Safeco Field renovations are big hit
The opening day festivities at Safeco Field gave fans -- and some players -- a first chance to see some of the offseason improvements made at the ballpark, including smaller outfield dimensions, new dining areas and a giant scoreboard in center field.
"It's great to get back to Seattle," said Mariners manager Eric Wedge. "Great to be back to the ballpark and see all the fantastic changes to the ballpark."
The Mariners hitters said it's going to take some getting used to, but should help benefit the team. As outfielder Michael Saunders said, even the "pitchers were for it. They need us to put runs on the board to win as well.
"Without a doubt. I think it'll make a difference not only with us but anybody who comes in here," Saunders added. "Everyone around the league knows that this is notoriously a pitchers' park and with the fences coming in it's probably, at the very best, going to play fair. ... When I heard the fences were coming in, as an offensive guy, I'd be lying if I didn't tell you I'm happy about it."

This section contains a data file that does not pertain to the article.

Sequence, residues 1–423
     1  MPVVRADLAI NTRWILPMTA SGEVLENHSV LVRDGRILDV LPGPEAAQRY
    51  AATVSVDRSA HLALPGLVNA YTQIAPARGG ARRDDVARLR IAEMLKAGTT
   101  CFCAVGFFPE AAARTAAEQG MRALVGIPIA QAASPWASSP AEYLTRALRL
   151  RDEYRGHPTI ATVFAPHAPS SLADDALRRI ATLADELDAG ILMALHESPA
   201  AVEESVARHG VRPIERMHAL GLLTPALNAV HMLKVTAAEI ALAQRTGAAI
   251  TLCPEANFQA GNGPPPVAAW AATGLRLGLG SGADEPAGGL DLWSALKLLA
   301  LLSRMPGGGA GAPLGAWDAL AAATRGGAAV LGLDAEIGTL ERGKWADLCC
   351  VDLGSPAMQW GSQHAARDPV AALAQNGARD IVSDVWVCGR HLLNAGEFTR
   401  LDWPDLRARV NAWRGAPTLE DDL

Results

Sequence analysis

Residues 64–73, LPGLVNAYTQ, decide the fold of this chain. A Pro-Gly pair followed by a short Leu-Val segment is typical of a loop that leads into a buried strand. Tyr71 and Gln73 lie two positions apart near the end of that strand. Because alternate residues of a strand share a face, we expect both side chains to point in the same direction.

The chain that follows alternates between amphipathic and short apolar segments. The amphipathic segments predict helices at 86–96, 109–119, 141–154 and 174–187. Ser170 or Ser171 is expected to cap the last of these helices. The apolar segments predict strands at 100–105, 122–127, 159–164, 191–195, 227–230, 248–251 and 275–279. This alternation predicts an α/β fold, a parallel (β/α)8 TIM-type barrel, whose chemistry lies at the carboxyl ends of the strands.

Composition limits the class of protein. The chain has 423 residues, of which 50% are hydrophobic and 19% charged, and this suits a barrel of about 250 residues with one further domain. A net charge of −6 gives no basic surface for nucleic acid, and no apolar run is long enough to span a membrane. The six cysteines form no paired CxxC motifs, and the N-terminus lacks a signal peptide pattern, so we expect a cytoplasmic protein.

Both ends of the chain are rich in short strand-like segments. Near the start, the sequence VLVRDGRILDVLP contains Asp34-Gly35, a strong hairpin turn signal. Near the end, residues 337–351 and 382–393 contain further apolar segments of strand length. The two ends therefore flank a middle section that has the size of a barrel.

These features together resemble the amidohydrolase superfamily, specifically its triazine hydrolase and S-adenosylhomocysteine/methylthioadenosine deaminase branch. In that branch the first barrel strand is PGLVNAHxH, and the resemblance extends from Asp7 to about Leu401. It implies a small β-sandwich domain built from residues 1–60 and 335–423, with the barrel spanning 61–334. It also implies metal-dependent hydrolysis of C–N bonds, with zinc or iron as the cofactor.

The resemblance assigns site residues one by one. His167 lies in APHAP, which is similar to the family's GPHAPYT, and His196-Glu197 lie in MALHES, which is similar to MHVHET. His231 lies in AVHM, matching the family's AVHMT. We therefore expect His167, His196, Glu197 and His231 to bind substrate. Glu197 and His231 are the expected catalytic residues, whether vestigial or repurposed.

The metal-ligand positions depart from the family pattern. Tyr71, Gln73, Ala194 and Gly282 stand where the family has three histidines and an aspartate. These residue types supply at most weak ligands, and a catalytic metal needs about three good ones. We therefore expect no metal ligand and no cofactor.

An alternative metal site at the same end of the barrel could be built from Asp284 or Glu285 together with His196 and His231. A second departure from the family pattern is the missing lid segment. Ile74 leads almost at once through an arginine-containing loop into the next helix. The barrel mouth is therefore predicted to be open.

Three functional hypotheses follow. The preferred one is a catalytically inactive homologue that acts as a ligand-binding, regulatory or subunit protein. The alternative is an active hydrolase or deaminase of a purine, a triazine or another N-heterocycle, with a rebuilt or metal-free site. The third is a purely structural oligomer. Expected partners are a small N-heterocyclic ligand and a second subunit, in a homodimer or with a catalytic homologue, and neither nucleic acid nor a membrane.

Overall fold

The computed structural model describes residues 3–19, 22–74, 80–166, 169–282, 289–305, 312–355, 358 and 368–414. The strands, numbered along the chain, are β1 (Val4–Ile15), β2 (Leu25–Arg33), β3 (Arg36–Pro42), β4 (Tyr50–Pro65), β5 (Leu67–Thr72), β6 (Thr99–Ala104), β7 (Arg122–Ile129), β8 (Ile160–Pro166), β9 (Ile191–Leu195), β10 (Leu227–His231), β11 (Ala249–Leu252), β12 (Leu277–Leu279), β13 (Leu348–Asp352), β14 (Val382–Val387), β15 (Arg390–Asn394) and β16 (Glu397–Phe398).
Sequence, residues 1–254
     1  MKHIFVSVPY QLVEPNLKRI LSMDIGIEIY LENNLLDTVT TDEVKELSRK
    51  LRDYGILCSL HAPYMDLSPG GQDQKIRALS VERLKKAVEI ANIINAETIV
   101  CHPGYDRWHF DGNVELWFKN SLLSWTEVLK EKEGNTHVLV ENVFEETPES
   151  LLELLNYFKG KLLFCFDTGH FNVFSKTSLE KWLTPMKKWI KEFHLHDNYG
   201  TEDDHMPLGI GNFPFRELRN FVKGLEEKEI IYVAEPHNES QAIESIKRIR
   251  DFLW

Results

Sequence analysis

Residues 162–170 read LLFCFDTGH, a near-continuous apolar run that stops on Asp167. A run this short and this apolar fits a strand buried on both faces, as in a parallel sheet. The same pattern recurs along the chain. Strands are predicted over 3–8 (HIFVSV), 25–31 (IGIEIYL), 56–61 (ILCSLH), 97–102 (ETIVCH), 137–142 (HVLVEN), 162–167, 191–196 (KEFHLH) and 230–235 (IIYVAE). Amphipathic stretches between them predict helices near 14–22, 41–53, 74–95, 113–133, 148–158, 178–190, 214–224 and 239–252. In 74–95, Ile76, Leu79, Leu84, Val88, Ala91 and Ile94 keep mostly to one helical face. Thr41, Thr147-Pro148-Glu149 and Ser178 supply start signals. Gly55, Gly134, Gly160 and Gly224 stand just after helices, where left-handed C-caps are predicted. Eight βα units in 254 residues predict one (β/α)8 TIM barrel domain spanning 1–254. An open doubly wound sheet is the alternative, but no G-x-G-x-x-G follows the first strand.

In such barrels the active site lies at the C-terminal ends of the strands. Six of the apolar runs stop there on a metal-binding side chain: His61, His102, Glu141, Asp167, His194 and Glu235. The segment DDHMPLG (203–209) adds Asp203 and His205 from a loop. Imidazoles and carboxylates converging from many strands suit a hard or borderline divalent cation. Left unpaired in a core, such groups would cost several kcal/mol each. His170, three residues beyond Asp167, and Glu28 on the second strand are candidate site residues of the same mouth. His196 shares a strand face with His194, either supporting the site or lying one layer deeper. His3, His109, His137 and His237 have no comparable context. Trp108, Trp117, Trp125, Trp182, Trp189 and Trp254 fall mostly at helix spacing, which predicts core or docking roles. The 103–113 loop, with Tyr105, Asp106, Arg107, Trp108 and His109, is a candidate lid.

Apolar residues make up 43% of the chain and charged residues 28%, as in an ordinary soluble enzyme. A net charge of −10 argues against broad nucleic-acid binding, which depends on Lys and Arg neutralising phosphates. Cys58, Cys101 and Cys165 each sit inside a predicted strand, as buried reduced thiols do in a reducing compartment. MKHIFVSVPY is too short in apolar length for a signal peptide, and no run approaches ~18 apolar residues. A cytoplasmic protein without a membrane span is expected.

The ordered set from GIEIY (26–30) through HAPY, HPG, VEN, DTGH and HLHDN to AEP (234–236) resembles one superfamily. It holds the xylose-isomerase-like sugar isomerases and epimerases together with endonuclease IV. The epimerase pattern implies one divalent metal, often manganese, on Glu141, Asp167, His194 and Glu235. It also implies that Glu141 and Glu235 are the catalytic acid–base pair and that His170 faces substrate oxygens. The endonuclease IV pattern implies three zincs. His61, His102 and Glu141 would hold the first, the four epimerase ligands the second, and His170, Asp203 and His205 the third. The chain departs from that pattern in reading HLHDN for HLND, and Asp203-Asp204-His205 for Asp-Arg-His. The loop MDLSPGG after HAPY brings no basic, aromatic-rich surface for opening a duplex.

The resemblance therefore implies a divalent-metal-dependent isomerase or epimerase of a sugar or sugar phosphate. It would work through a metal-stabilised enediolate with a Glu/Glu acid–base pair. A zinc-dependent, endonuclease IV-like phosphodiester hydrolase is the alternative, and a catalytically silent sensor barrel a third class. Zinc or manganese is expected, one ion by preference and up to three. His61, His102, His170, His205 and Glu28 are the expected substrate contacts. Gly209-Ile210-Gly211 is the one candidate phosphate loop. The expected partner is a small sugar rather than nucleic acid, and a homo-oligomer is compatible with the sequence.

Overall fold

The new dimensions might have the biggest impact on the games, but may not have had the biggest impact on the Mariners players.
While there has been a lot of talk about the smaller fences in left-center field, the big talk in the clubhouse was the 11,425 square-foot scoreboard in center field, the largest HD screen in major league baseball.
"We got in (to Seattle Sunday) night and they were talking about that scoreboard, and rightfully so," Wedge said.
"My wife's like, 'shave and make sure you look good,'" Saunders said. "... Everything's kind of magnified after how big that scoreboard is right now. That's kind of where my main focus was. It's huge and it's beautiful. I'm excited to play."
Outfielder Mike Morse, who leads the Mariners and the American League with five home runs, said he tries not to worry about the shorter fences. He just wants to continue to hit the ball well.
However, he did share one story from early in his career of a home run that wasn't.
"I remember facing C.C. -- C.C. Sabathia -- (and hit the ball) one time to dead center," Morse said. "It hit off the yellow and I swear that was the hardest ball I hit. I remember it stayed in."
The players were all excited to return to Seattle and get back to their home ballpark, regardless of where the fences now stand.
"We play in a beautiful ballpark in a beautiful city so that standpoint we're lucky," Saunders said. "Just the fact that they brought in the fences is a nice bonus to us offensive players."
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